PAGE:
The further south, the more impressive the region becomes. In the distance, snowy mountain peaks rise into the sky, rivers rush down valleys, simple villages line the roadside and flowers are splashes of colour in the varied landscape. The weather couldn't be better, so cycling is a great pleasure. There are hardly any street dogs left, but more and more street cows, as we call them. In the villages, in garages, everywhere they can be seen eating the rubbish, but they are much more peaceful than the dogs, which is fine with us. We diligently collect altitude metres as we ride up sweaty gorges. One of them is the Ravanduz Gorge near Soran, where we take a day's break.

At this point, the country's electricity supply should be mentioned. Several times a day, the power goes out and generators, which can be seen everywhere, take over the supply. Whether it is due to rapid growth or the now very strong generators lobby that not much has changed for years, remains to be seen.

Back on the saddles, we leave the narrow mountain valleys and cover over 100km in one day for the second time on our journey. The prospect of a swim in Lake Dukan is enough motivation, and indeed we find a promising spot right on the shore. After a refreshing bath and a delicious dinner, we disappear into the tent, but have to crawl out again twice in the middle of the night because people come by and want to have a chat. Somehow you can't be angry, even though you would like to sleep...

The kilometres in our legs become noticeable the next day. As a welcome change, we meet other travellers for the first time in Iraq. In the middle of nowhere we have a chat with a German couple who are on the road with their off-roader. It becomes increasingly difficult to stock up on enough food for several days and once again a mountain range rears up in front of us, which we have to overcome. After some back and forth we decide to hitchhike. No problem in Iraq. Without exaggeration, 90% of the cars are pickups and although the loading areas are packed, we can always find a place for our bikes and baggage. The two gentlemen are happy about the company, load everything quickly onto the car and then we chug comfortably up the mountain. During the drive we are allowed to taste Revas. This is a wild vegetable that is native to the Kurdish mountains and tastes like rhubarb. Translated, it is also called wart rhubarb, which we find very appropriate given its appearance. So we nibble on the stalks with relish, enjoy the beautiful sights and, in view of the long and extremely steep route, are glad to be sitting in the car.

The next destination is Sulaymaniyah, one of the largest and most modern cities in the autonomous region of Kurdistan. The way there leads along a boring motorway and since we have had the pleasure of hitchhiking, we again use this option for the section. In Sulaymaniyah we find the only hostel in Iraq, the Dolphin Hostel. We immerse ourselves in the city life, enjoy delicious coffee, celebrate Beni's birthday, marvel at the lively market hustle and bustle, visit the museum where we read about the atrocities committed against the Kurds and waste many nerve-racking hours getting money.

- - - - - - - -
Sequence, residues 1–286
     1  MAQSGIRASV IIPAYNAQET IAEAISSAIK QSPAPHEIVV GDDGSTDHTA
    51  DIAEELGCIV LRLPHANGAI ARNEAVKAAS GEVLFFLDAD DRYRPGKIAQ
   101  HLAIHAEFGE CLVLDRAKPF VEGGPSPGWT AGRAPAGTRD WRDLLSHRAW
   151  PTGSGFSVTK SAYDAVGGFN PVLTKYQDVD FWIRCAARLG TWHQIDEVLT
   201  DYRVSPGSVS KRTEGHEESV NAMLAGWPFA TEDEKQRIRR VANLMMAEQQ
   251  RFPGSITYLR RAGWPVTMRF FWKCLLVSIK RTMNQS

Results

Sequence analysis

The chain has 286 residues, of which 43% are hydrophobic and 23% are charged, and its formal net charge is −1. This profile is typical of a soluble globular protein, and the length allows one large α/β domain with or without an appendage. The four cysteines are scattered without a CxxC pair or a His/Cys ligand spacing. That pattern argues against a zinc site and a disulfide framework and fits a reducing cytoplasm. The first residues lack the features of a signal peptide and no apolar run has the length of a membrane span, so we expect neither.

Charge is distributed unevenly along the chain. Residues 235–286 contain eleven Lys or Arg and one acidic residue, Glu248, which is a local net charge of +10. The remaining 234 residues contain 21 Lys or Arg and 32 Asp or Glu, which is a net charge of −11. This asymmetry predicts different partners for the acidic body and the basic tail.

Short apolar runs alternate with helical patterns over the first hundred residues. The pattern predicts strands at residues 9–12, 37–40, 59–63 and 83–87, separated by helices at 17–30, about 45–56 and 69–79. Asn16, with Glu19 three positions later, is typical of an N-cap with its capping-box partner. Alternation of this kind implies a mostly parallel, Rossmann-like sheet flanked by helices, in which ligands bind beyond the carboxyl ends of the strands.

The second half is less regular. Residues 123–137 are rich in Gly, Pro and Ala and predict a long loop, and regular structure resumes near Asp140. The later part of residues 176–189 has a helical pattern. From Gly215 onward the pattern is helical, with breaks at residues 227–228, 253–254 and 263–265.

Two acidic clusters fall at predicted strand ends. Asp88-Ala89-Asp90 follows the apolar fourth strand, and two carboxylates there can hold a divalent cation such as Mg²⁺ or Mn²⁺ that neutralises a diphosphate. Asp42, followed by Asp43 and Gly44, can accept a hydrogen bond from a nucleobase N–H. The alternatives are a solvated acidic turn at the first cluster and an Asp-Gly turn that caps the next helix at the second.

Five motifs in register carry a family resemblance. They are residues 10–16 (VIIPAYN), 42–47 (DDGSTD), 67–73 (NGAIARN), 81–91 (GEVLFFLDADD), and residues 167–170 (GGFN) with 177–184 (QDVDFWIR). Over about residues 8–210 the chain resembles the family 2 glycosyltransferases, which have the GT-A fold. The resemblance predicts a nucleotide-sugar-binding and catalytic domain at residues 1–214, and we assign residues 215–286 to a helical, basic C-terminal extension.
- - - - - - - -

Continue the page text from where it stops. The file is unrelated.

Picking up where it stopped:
After four days we leave the city and again follow a tedious and busy road towards the border. The highlight of the day is Toon, a Belgian cycle traveller we meet. He is on the same route and so the three of us cycle on. Unfortunately, this is the only highlight of the day. What follows is a tiresome flat tyre, a mud fight and a night with gastrointestinal problems for Sara, so that the next morning she lacks the energy to sit on the bike, especially as there are again many metres of altitude to climb. So we already part ways again and once more take advantage of the helpfulness of the Iraqis. Already the first car stops and takes us to the last town before the border. The weather reflects our mood, it is pouring with rain. Our driver is a fish seller and while he sells his fresh fish, he takes care of our well-being. We are super grateful, because Beni's health now also leaves a lot to be desired. Finally, we pitch our tent in the park next to the kebab stand and spend the day sleeping and recovering. In between, we have a visit from interested teenagers who take a test ride on our bikes and have lots of questions, otherwise we are just happy to have a waterproof tent and not have to take another step for today.

The next border is within reach and we really hope to have our strength back the next day to start in Iran with full vigour. Unfortunately, things turned out a little differently, but that's for another time.